Since, on average, mothers and children living in stable two-parent families have a lower risk of poverty, the extent to which welfare systems may affect relationship stability, family formation and repartnering is a compelling social policy issue. However, driven by concerns about work incentives and reducing ‘welfare dependency,’ policy interest and research has to date focused on understanding lone parents’ labour supply and encouraging the transition from benefits into employment. Social scientists have theorised a great deal about changing family forms and a rich literature continues to explore the role welfare plays in reinforcing gender equality. However, the more contentious issue of whether and how welfare systems may affect family structure is a neglected area of academic enquiry. Whether lone motherhood is a ‘lifestyle choice’ or ‘Hobson’s choice’ has polarised normative debates about welfare dependency, but limited evidence of how low-income women make family formation decisions has created space for a popular consensus to emerge in which the behavioural effects of welfare on family structure are seen to arise purely in response to financial incentives. Politicians and policy makers who lament the decline of the traditional family have called for changes in the tax and benefit system to promote marriage and abolish the ‘couple penalty,’ so called to describe the financial differentials in welfare entitlement between lone-parent and couple-parent families. Some believe this differential treatment incentivises lone motherhood and discourages two-parent family formation, others that it fosters welfare dependency and benefit fraud among lone mothers who, for reasons of monetary gain, may ‘pretend to separate’ or fail to disclose the presence of a partner. In fact, very little is known or understood about how low-income women make family formation, partnership dissolution and repartnering decisions and, in the UK, the influence of welfare systems on partnering behaviour and family structure is both under-theorised and under-researched. Informed by retrospective, narrative interviews with 51 mothers living in Merseyside who were currently or had formerly claimed UK means-tested benefits or tax credits as a lone parent in the period between 1997 and 2013, and supplemented by interviews and focus groups with family support, housing and welfare rights workers, this thesis contributes towards filling the gaps in knowledge and evidence. Exploratory in nature, the research investigated whether and to what extent eligibility for or entitlement to means-tested welfare may have influenced a mother’s decision to live with or apart from a partner or child’s father, broadening the debate beyond the political rhetoric of ‘couple penalties’ and ‘welfare dependency’ to include consideration of two neglected aspects of UK welfare, the ‘cohabitation’ or ‘Living Together as a Married Couple’ (LTAMC) rule and the closely aligned system of family means testing. Based on an administrative definition of cohabitation as ‘marriage-like’ and contested assumptions about economic dependency, income pooling and financial support obligations in couples, these rules have important gendered effects which offer alternative explanations for why some low-income mothers may be reluctant to partner or feel constrained to live apart, or present themselves as living apart, from a partner or child’s father. By looking dynamically at how individual agency interacts with the structure of welfare from the perspective of the mothers themselves, the research contributes to both to empirical knowledge and theoretical understanding of partnering behaviour, changing family structures and alternative living arrangements in the context of welfare receipt.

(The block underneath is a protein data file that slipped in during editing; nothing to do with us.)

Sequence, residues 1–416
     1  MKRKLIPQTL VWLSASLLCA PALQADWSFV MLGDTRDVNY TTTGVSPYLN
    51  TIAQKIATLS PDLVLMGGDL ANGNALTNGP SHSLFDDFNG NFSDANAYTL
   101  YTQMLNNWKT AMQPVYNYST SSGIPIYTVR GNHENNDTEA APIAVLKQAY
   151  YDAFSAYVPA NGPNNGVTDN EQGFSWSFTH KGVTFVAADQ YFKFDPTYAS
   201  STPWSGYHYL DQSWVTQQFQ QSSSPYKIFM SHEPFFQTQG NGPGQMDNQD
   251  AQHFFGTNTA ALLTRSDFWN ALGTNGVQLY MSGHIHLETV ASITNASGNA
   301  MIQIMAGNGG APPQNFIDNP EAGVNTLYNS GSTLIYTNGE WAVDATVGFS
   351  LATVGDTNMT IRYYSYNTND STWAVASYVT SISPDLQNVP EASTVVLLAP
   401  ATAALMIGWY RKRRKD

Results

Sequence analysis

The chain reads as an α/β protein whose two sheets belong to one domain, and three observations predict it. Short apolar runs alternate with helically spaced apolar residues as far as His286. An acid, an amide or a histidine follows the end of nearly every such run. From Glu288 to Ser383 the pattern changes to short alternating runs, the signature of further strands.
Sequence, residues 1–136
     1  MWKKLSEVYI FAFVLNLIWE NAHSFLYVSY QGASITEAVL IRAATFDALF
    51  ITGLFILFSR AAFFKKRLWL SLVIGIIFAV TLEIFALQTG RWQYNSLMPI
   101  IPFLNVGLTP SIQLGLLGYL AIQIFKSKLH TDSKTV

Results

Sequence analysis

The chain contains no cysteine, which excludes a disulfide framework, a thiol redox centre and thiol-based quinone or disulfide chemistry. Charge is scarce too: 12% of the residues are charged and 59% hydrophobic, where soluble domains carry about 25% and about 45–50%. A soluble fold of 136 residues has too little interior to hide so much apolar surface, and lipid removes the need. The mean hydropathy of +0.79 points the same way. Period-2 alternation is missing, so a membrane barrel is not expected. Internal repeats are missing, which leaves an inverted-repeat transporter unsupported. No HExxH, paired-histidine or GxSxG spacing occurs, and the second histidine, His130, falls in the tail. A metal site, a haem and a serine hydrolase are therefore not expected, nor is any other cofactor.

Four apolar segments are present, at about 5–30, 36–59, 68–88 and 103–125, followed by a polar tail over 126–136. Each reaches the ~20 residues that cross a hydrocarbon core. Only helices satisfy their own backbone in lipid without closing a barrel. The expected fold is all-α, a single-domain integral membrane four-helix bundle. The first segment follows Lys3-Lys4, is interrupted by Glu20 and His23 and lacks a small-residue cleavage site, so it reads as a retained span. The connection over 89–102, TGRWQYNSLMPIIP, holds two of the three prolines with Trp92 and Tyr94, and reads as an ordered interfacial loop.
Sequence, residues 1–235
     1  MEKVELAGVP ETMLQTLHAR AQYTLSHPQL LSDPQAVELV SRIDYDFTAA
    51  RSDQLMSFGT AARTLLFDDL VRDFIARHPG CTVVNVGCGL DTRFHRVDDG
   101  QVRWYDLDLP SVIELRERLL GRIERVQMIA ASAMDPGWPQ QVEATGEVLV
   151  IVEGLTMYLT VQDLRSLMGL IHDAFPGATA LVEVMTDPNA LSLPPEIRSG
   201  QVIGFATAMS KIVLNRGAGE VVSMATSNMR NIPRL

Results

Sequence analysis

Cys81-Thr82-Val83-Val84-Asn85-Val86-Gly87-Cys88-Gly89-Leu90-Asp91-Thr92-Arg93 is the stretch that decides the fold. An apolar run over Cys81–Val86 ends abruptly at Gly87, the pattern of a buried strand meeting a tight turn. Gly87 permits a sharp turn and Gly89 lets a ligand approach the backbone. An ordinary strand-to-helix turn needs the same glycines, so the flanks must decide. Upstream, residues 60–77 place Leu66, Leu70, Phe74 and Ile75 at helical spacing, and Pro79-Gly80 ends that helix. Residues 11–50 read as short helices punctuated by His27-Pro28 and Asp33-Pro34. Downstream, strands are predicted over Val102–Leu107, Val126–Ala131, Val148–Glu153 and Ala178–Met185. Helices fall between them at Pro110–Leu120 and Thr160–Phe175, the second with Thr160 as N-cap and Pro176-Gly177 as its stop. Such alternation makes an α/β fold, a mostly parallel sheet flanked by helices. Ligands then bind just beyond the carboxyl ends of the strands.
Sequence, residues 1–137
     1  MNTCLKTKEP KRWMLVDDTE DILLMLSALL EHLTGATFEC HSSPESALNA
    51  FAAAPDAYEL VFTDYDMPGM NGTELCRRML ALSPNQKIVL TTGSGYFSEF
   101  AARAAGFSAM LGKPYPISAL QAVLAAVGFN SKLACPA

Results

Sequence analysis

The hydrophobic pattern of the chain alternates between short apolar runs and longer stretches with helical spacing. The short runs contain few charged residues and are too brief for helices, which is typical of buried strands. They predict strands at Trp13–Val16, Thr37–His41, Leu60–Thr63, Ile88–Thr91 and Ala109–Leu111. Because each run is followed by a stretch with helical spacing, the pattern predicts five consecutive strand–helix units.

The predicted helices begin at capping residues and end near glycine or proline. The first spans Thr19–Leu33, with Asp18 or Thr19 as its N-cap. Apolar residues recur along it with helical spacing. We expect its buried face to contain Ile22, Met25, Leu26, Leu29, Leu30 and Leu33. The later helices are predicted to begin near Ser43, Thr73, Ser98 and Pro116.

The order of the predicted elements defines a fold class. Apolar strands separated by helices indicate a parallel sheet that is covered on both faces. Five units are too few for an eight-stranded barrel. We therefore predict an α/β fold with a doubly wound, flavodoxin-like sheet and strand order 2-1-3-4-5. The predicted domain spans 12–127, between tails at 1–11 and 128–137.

|Date of Award||1 Jun 2016|
|Supervisor||Susan Harkness (Supervisor)|
- Welfare and family structure
- Welfare and gender
- Social security and gender
- Welfare and partnering behaviour